It is easy to understand what exactly Mackinder laid in the Anglo-Saxon geopolitics, which became the geopolitics of the USA and the North Atlantic Union in half a century, the main tendency: by any means impede the very possibility of creating a Eurasian bloc, creating a strategic union of Russia and Germany, geopolitically strengthening heartland and its expansion. The steady Russophobia of the West in the 20th century is not so much ideological as geopolitical. Although, given the connection between the civilizational type and the geopolitical nature of various forces highlighted by Mackinder, one can obtain a formula by which geopolitical terms are easily translated into ideological terms.

“Outer Crescent” liberal democracy; the "geographical axis of history" is undemocratic authoritarianism; "inner crescent" intermediate model, a combination of both ideological systems.

Mackinder participated in the preparation of the Treaty of Versailles, whose basic geopolitical idea reflects the essence of Mackinder's views. This agreement was drawn up in such a way as to secure the character of the coastal base for naval forces (Anglo-Saxon peace) for Western Europe. At the same time, he envisioned the creation of limitrophic states that would separate the Germans and the Slavs, in every way preventing the conclusion between them of a continental strategic alliance, so dangerous for the "island powers" and, accordingly, for "democracy."

It is very important to trace the evolution of the geographical limits of heartland in the writings of Mackinder. If in 1904 and 1919 (respectively, in the article "The geographical axis of history" and in the book "Democratic ideals and reality"), the outlines of heartland coincided in general terms with the borders of the Russian Empire, and later the USSR, then in 1943 in the text " A round planet and the conquest of the world "(14) he revised his former views and removed from the heartland'a Soviet territories of Eastern Siberia, located beyond the Yenisei. He called this sparsely populated Soviet territory "Russia Lenaland" by the name of the Lena River.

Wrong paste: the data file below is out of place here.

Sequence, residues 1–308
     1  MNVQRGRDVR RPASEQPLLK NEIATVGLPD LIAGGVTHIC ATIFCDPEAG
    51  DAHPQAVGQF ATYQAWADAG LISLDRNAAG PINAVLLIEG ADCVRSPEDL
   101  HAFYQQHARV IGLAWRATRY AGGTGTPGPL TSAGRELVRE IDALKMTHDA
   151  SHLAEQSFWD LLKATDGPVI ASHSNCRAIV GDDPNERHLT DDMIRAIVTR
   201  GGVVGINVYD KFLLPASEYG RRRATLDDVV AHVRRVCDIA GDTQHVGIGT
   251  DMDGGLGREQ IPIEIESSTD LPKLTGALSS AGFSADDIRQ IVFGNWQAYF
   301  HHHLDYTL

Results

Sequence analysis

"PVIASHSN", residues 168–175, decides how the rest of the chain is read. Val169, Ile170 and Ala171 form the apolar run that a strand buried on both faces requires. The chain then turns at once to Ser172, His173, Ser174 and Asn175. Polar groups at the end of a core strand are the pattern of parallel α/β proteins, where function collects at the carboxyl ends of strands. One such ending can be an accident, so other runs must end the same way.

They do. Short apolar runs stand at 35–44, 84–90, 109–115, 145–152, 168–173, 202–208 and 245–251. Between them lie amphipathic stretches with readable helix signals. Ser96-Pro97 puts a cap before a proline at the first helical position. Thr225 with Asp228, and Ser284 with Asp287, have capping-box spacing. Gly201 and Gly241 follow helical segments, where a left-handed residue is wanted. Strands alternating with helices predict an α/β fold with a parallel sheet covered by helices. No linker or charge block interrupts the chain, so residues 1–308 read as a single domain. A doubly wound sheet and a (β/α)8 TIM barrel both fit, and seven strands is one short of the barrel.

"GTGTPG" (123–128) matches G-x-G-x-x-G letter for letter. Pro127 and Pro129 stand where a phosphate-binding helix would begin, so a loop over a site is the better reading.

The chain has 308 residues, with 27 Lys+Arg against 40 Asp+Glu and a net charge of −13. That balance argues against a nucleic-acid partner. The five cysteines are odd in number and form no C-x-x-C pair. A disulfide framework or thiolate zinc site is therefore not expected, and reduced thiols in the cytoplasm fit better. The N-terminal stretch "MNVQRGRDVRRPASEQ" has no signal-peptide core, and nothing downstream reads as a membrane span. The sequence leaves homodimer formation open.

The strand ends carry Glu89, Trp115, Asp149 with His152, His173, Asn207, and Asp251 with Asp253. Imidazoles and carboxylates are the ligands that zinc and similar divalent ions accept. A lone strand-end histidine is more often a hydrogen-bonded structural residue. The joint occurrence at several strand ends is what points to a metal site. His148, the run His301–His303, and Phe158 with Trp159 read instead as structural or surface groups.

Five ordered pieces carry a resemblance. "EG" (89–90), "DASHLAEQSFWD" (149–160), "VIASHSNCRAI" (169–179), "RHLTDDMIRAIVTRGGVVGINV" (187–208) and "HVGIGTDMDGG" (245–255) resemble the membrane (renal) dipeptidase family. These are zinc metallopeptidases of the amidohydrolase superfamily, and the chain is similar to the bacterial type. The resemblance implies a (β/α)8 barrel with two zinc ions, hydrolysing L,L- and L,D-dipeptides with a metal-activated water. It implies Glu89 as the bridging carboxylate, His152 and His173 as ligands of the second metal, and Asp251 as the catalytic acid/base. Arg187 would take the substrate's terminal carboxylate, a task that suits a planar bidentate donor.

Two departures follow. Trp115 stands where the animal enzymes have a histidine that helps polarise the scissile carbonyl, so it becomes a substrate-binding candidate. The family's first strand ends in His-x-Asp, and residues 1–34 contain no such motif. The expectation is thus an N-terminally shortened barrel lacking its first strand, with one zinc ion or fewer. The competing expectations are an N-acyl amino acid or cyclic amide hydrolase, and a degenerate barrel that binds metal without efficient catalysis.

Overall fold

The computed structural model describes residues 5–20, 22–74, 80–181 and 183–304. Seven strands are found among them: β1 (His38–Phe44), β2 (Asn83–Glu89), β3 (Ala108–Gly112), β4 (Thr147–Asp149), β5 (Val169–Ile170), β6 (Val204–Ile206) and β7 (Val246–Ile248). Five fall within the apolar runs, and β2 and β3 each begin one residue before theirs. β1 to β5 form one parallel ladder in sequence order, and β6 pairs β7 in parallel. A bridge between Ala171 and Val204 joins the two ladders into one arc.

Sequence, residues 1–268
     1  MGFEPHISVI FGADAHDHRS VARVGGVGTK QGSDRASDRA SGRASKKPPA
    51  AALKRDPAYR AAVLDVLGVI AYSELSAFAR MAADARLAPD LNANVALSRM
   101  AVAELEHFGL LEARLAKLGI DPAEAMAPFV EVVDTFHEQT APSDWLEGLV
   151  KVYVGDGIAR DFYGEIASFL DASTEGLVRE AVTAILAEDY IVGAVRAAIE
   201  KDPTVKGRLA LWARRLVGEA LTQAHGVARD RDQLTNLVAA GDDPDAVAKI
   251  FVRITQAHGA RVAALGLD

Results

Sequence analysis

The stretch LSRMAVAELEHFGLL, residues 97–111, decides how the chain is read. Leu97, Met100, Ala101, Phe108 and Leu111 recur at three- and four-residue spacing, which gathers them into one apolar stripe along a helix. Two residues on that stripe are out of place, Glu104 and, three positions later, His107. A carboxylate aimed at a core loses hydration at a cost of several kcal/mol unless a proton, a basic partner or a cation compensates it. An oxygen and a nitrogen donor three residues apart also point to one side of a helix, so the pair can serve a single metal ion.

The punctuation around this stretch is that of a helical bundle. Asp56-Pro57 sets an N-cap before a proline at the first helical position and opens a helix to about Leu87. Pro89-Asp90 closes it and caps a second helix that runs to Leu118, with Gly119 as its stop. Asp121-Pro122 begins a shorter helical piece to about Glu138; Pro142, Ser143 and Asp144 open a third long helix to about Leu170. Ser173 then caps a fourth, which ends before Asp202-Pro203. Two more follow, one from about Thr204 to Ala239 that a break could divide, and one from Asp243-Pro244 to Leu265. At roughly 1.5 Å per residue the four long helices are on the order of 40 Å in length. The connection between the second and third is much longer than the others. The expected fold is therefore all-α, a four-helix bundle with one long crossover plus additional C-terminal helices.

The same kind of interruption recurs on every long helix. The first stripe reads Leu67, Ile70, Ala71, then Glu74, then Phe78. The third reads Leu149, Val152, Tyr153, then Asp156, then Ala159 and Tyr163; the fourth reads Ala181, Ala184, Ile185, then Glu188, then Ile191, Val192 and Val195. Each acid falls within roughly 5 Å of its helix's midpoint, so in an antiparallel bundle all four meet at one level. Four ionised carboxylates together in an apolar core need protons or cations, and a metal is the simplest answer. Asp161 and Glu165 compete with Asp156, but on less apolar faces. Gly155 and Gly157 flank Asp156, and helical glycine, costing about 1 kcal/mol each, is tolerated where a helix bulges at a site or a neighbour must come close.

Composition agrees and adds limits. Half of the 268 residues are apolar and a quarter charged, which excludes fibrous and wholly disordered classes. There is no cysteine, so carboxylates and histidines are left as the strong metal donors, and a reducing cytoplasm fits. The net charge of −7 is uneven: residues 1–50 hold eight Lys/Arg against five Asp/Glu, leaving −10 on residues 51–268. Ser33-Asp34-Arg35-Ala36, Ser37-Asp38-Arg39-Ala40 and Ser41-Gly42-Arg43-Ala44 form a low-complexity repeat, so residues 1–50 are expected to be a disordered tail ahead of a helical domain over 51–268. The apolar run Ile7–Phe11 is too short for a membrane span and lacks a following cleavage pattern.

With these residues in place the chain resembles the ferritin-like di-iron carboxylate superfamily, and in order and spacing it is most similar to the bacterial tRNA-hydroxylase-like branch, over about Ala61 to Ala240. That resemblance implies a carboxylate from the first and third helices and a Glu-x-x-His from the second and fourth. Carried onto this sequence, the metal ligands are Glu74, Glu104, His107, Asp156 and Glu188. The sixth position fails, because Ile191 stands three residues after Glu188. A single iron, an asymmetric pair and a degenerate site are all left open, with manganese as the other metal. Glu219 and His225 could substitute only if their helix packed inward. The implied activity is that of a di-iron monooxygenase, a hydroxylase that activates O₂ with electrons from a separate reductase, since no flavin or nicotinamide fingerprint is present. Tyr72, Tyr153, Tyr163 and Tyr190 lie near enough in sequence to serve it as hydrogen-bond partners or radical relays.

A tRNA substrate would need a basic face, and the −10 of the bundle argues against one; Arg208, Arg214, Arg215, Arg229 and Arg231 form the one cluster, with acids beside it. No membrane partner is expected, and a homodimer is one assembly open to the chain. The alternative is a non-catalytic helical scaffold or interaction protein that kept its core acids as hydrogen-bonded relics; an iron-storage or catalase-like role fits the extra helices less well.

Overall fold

Russia Lenaland has 9 million inhabitants, 5 of whom live along the transcontinental railway from Irkutsk to Vladivostok. In the remaining territories, less than one person lives on 8 square kilometers. The natural wealth of this land is wood, minerals, etc. are practically untouched.

(The Round Planet and the Conquest of the World) (15)

Withdrawal of the so-called Lenaland from the geographical borders of heartland meant the possibility of considering this territory as a zone of the "inner crescent", i.e. as coastal space that could be used by the "island" powers to fight against the "geographical axis of history." Mackinder, who actively participated in organizing the Entente intervention and the “white movement”, apparently considered Kolchak’s historical precedent, which resisted the Eurasian center, to be a sufficient basis for considering territories under its control as a potential “coastal zone”.

3.4 Three geopolitical periods

Mackinder divides the entire geopolitical history of the world into three stages (16):

  1. The pre-Columbian era . In it, peoples belonging to the periphery of the World Island, for example, the Romans, live under the constant threat of conquest by the forces of the "heart of the earth." For the Romans, they were Germans, Huns, Alans, Parthians, etc. For the medieval oikumena, the golden horde.

  2. The Columbian era . During this period, representatives of the “inner crescent” (coastal zones) set off to conquer the unknown territories of the planet without encountering serious resistance anywhere.

  3. The Post-Columbian era . Unconquered land no longer exists. The dynamic pulsations of civilizations are doomed to collision, drawing the peoples of the earth into an universal civil war.

This periodization of Mackinder with the corresponding geopolitical transformations brings us close to the latest trends in geopolitics, which we will consider in another part of the book.